Wednesday, July 03, 2013

just one slab and a little quilting progress

I don't know if you've heard or not, but my friend Cheryl is heading up a quilt block drive. She is collecting slabs from all who are willing to help and she (and a team of volunteers) will make them into quilts for the people affected by the floods in her area.
If you have an hour, I'd encourage you to dig out your scraps and make a slab or two or three for a good cause. You can read all the details on her post here and you can see some photos of the after affects here. The photos are hard to look at, but it's nice to be able to help in some small way.
After 4 bouts of stippling gone bad, (ugh!) I finally abandoned the idea of free motion quilting this quilt. (You can see the full shot of the quilt here.)
I switched gears, set up the Janome and started straight line quilting. It's SO much easier.
I only had to mark one line with chalk (so far) and I'm using the guide bar to echo the subsequent lines. It's slick! If you look closely at the photo, you will see that I'm actually using the bar upside down. I do not know why they put the guide bar to the right of the walking foot. The more lines you quilt the more bulk you have between the needle and the machine. That is not very helpful at all! But, if you use the guide bar to the left of the walking foot the bulk of the quilt pools to the left of the machine, making it much easier to manage. I figured this out on my last project that I did grid quilting on. Flipping the guide bar has made things so much easier! It feels so good to see progress on this quilt. Finally!

Happy Wednesday to you!

36 comments:

Paula @ Sewy Stuff said...

Thanks so much for sharing that tip/photo. I haven't used mine yet (still working on my very first quilt) but I was wondering the same thing when I was assembling my new machine a few weeks ago and looking at all the parts/accessories. I'm glad to know it works ok if you do it "backwards".

Teresa said...

Did the thread keep breaking when you tried to stipple this quilt? Why does that happen on some projects? I have a Juki and it doesn't happen often but when it does I just don't understand it.

Jessica Christensen said...

That's a great idea to flip the guide bar!

Diane said...

Wow, great idea fing the guide bar. I just finished a whole quilt with the bulk under the harp the whole time. Now I know!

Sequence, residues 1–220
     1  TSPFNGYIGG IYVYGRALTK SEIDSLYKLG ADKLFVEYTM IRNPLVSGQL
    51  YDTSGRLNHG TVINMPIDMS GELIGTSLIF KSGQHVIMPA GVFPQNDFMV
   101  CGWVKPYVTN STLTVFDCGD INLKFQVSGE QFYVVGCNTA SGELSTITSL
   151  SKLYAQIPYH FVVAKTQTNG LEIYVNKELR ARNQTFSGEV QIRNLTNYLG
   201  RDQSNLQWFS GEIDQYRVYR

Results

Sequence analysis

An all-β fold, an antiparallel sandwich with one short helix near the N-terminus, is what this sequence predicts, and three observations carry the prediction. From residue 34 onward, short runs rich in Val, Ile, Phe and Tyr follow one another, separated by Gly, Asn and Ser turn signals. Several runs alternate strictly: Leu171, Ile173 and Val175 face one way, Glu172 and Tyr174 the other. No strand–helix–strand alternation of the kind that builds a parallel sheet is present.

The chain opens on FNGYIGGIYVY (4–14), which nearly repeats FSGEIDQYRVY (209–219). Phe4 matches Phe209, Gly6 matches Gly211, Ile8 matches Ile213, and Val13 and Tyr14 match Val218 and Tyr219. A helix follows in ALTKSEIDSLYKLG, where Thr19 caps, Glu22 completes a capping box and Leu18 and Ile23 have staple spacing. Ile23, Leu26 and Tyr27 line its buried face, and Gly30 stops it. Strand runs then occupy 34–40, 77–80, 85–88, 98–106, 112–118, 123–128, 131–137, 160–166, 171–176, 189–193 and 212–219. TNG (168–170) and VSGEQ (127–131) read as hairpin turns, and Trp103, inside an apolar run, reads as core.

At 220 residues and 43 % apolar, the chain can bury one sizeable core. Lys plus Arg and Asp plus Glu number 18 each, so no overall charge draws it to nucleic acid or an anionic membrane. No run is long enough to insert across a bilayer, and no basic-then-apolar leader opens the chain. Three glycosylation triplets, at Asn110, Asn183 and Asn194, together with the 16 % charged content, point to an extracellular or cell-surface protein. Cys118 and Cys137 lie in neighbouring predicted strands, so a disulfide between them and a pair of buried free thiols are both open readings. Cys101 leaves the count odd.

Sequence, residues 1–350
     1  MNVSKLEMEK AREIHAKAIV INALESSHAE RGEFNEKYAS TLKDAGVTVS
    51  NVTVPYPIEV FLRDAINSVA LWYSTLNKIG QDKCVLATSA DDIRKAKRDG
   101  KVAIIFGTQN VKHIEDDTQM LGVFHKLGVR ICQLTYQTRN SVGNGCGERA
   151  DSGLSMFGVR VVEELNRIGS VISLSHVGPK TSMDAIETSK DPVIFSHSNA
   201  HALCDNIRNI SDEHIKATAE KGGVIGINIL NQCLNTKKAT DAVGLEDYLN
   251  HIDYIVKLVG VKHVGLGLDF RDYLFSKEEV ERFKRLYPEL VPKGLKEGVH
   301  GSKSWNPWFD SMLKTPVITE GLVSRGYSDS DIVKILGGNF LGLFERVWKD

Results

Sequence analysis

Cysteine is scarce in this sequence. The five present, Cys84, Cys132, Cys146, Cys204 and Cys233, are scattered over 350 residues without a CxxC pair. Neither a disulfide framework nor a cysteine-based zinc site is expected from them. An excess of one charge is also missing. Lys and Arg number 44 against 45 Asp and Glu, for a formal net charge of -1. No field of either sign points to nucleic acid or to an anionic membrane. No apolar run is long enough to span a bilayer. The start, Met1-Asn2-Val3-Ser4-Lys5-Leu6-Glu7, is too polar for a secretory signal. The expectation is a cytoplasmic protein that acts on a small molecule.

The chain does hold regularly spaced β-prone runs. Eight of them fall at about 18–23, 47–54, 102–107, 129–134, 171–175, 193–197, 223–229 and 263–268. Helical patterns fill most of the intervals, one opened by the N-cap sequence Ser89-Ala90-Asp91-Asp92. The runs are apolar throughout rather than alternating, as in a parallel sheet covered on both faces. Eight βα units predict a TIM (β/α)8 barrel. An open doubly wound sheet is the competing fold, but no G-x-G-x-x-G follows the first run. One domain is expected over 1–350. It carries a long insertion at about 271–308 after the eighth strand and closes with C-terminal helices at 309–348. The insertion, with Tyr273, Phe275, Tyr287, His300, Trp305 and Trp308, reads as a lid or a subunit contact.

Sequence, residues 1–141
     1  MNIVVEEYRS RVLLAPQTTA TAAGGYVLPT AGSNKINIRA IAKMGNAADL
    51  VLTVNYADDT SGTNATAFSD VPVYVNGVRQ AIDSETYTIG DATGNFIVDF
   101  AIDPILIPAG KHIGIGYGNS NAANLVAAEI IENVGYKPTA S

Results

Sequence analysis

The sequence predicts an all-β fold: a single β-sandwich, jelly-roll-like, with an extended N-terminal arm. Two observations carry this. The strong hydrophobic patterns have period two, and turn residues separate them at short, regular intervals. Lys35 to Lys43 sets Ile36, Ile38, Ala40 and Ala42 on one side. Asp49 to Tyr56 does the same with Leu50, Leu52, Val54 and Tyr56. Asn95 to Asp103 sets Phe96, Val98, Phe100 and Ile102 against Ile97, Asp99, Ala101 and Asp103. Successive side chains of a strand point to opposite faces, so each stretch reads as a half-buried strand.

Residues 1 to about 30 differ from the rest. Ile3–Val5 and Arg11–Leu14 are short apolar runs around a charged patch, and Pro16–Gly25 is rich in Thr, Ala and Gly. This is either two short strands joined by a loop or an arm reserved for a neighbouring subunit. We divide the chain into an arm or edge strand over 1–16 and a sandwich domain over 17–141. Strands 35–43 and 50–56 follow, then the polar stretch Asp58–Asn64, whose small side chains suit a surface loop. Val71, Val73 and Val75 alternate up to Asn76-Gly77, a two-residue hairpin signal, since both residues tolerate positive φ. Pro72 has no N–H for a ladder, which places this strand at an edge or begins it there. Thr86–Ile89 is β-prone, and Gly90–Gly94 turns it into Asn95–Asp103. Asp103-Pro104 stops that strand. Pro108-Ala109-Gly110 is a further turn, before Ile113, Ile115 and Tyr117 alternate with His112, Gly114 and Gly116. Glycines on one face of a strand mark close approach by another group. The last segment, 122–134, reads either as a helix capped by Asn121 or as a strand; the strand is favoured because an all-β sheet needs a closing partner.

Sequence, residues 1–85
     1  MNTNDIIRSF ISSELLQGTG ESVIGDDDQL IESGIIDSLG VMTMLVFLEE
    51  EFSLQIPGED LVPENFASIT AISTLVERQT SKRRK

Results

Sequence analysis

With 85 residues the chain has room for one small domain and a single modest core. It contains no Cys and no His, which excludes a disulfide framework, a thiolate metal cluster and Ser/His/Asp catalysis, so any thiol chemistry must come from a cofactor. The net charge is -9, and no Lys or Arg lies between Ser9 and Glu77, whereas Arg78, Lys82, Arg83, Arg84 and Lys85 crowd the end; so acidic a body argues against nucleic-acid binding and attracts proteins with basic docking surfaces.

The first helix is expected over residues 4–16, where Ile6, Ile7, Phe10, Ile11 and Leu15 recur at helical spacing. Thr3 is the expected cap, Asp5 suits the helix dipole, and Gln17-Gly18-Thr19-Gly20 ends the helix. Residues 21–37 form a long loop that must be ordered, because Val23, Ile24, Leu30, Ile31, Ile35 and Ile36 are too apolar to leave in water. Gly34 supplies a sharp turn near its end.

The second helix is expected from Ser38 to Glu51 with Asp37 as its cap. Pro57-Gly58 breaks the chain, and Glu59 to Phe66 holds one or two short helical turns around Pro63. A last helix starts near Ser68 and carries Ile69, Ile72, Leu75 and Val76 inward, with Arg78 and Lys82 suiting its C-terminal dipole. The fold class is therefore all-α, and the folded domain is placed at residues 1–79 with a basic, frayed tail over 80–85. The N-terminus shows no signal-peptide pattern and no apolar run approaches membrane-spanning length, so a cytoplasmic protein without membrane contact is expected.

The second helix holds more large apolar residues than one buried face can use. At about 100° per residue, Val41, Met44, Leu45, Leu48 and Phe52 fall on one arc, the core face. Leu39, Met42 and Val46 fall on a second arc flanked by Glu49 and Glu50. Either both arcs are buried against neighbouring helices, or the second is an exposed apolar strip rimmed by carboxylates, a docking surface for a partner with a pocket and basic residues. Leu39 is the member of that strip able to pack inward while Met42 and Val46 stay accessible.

Anna said...

boo on the fmq. I got to use a horizon this past weekend. It was really dreamy. Of course I also busted my juki's tension knob. :( so sad. Hoping i can fix it myself this weekend.

KristyLou said...

I always wondered about that guide bar also. I love it, except its on the wrong side. I just inherited a new machine, and I sure hope it has one too!

Di~ said...

That is a beautiful "slab". I love straight line quilting.

Meredith said...

Love that straight line quilting! Just lovely.

the momma said...

flipping the bar was a fantastic idea!!!

Andy said...

I flip my bar too. I think the person who designed that thing has never sewn a day in their life!

Melanie said...

Love the idea of flipping the bar...I'm going to try that next time!

Carie said...

Am I the only one whose just had a revelation - I can get a guide bar!!! And yes I do live under a rock with my head in the clouds most of the time, why do you ask?

Esther F. said...

What a great idea about the side bar! Thank you for showing us. Also thank you for sharing the slab block!
Esther
esthersipatchandquilt at yahoo dot com
Ipatchandquilt dot wordpress dot com

A Quilter's Mission - Vicki said...

OK, grid quilting with a guide bar...duh! I have never attempted it because I didn't want to mark an entire quilt. You are generous!

Beth said...

I am so glad to see your bar up-side-down. I do that too for the same reason. Some machines the bar will work on either side, amkes itso much easier nnot trying to get all that bulk through that small space.

Trepmom said...